I picked this book up largely as an impulse buy while attending a large authors-signing event at our local Barnes & Noble. The author made it sound interesting. A couple month later we finally got around to reading it (Sorry, but Brandon Mull’s “Beyonders” series came first). I read it aloud to my kids, and my wife joined in as well. We all enjoyed it, though it’s intended to be YA fantasy.
The book is about an orphan who is plucked from an orphanage along with three other boys to be used in a plot to take the throne of the country. The story is told from the the point of view of Sage, the orphan, which turns out to be completely essential to the book. No one can trust Sage, and that includes us. He lies and withholds information even as the reader, which bothered me the first time we catch him in it–was there a reason for it, or was it just clumsiness by the author?
It is all paid off eventually, however, and while the intentional deception still annoys me a little, the story would have lacked the impact otherwise. So, like many of the characters, we can forgive Sage his indiscretions in the end, but that doesn’t mean we will forget. The book is the first of a trilogy, and now that the grand secret is out, perhaps Nielsen won’t need to mislead us so blatantly in the future.
The most compelling aspect of the book is the voice of the main character. Sage is an interesting character, and while we sometimes have to shake our heads and wish he wouldn’t be so stubborn, he’s certainly the most interesting of the three–if not all the characters in the novel.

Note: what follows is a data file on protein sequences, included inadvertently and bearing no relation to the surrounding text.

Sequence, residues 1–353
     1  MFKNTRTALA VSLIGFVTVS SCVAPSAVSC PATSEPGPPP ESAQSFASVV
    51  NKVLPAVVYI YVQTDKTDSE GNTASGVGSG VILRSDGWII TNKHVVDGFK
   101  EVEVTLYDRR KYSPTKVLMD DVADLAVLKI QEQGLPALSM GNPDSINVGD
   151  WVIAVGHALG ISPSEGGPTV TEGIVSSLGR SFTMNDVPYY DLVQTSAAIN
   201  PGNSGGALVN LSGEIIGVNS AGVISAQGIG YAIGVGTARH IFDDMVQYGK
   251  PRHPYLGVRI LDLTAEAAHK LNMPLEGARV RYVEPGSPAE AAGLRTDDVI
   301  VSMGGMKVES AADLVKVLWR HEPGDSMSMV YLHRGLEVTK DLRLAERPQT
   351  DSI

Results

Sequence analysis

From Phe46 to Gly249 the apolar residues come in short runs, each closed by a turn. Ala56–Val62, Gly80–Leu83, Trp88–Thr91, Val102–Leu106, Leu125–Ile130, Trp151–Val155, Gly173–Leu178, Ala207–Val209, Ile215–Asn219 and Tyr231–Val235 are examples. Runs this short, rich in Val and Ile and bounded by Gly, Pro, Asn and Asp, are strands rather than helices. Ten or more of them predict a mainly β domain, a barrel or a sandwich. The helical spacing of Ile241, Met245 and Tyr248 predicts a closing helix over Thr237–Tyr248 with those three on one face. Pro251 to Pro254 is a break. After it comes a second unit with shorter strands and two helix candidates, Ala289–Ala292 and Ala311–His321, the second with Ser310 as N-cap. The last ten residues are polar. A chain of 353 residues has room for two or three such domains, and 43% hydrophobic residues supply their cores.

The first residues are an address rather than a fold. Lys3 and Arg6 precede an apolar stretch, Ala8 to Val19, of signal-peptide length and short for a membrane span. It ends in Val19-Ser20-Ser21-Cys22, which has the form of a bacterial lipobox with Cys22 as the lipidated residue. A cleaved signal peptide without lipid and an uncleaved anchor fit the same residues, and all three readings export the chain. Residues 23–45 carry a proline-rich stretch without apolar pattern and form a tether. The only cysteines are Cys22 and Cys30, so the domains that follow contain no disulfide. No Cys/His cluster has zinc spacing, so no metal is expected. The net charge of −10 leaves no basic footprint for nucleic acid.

The second book is out already, so it’s officially on our kids’ list to read soon. I’m interested in reading it to see how Nielsen’s craft develops between books. Other reviewers have called out her sparse world-building, but that didn’t bother me so much. The story was rich enough for its intended audience, and considering the rather limited scope of the novel, lengthy exposition of the larger world would have been out of place. That may change in the next books, and it will be interesting to see what Nielsen does with it.
It was a good book, and worth the price. Most worthwhile were the reactions and discussions amongst our family after our reading sessions. We were all into it. And there are enough unanswered questions and plot threads hanging to encourage to come back for another visit.